View to the north with Bowah in the distance (left upper) from the pass that now connects Bowah with Fanja. Climbing from the mantle up into the harder rocks of the lower crust.

The new road cuts at many places into the hard rocks of the lower crust, still ophiolites, but with many veins, crossing and displacing each other.

Driving down to the mantle again, not surprisingly people have used this 'spring level' with small palm grooves where you unexpectedly get into the lush green with plenty of water. 

Lush green gardens fed from intricate falaj systems on route to Fanja

The road enters Fanja from the northwest, close to the old houses that one normally sees behind the trees from the Nizwa motorway. A good opportunity to leave the car and clim to one of the watchtowers to have a great view of the green valley below. It is a bit of a climb. Resist the temptation to go straight up as there are a number of much easier paths.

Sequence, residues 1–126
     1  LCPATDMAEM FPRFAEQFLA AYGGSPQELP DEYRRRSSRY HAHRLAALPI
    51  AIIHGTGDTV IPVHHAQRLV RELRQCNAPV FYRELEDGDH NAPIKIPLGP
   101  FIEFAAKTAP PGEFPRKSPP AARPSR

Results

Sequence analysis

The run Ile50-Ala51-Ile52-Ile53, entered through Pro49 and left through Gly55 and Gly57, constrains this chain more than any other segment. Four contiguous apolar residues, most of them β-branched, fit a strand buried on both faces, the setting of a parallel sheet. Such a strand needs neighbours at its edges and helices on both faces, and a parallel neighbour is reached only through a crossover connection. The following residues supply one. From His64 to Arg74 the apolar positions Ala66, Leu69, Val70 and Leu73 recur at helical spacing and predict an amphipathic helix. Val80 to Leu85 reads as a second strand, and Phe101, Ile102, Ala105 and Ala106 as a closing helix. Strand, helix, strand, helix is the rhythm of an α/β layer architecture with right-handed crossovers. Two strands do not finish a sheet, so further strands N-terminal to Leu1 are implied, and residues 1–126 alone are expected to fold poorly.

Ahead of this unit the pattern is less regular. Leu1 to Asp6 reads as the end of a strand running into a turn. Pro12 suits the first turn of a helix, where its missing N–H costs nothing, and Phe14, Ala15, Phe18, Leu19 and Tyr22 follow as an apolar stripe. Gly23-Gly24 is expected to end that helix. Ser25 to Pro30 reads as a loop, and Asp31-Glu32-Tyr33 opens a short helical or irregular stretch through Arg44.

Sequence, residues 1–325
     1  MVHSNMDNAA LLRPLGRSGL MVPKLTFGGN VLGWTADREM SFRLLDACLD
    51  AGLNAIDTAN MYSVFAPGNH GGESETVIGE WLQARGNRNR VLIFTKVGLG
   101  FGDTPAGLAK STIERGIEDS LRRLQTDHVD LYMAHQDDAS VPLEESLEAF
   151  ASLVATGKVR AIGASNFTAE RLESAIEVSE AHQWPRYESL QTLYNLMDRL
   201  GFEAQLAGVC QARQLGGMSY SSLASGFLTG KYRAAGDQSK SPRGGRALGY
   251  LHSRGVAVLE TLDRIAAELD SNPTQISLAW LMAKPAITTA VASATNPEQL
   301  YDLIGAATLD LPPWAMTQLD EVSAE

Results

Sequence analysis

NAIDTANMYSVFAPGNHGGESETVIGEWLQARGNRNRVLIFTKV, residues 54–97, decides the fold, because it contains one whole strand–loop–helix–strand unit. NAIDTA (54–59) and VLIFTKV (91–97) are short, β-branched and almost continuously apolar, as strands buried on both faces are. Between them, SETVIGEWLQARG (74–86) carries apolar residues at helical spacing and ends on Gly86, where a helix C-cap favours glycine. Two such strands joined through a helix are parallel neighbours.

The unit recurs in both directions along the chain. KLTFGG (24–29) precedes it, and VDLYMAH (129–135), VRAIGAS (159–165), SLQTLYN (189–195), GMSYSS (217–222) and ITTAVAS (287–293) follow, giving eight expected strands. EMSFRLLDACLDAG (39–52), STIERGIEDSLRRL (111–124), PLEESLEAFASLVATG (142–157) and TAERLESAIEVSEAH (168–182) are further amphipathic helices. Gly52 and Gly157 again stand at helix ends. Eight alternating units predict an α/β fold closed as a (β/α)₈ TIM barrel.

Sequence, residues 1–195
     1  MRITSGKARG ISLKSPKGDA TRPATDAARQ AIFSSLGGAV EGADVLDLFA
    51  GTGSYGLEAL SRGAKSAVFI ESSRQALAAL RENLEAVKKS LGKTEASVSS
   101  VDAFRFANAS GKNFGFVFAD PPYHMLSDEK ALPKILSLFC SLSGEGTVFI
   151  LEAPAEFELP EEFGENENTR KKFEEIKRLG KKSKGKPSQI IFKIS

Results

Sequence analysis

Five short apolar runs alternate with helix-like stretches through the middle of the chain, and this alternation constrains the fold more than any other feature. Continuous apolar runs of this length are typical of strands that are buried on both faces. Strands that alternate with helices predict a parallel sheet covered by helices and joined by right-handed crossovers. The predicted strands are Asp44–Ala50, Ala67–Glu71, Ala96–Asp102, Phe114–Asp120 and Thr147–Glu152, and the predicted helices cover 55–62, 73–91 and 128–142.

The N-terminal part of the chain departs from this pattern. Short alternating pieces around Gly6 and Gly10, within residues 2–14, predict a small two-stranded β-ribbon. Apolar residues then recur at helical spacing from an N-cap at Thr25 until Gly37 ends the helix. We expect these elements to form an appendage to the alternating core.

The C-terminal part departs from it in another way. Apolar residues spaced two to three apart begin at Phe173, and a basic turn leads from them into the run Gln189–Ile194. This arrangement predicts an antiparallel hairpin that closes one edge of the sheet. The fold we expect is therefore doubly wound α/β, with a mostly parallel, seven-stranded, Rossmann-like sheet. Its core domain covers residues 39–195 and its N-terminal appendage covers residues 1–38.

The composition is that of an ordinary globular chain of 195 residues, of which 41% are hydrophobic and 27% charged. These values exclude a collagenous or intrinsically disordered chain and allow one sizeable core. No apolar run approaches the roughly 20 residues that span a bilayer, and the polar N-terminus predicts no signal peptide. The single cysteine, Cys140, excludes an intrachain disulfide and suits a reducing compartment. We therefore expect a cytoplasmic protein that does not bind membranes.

View to the north from one of the shooting holes in the tower. More important: it is refreshing cool inside with one of the all-around holes always in a good position to catch a breeze

View to the Nizwa motorway in the distance and the old houses of Fanja right below with in-between wadi Samail and Fanja's abundant green gardens.

Nothing (except the sun) stops you from climbing other vantage points. This one is south of Fanja, overlooking its gardens and the motorway climbing the listwaenite ridge in the distance

Or going down into wadi Samail. Recent rains have brought back flowing water in the wadi. The old falaj system on this picture is not used anymore. Instead people now pump water directly from the wadi.


To know more about ophiolites and the Moho check out the on-line guided tour through the vraious rock types by the university of Montpellier or the short write-up on this website

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@ J. Schreurs September 2007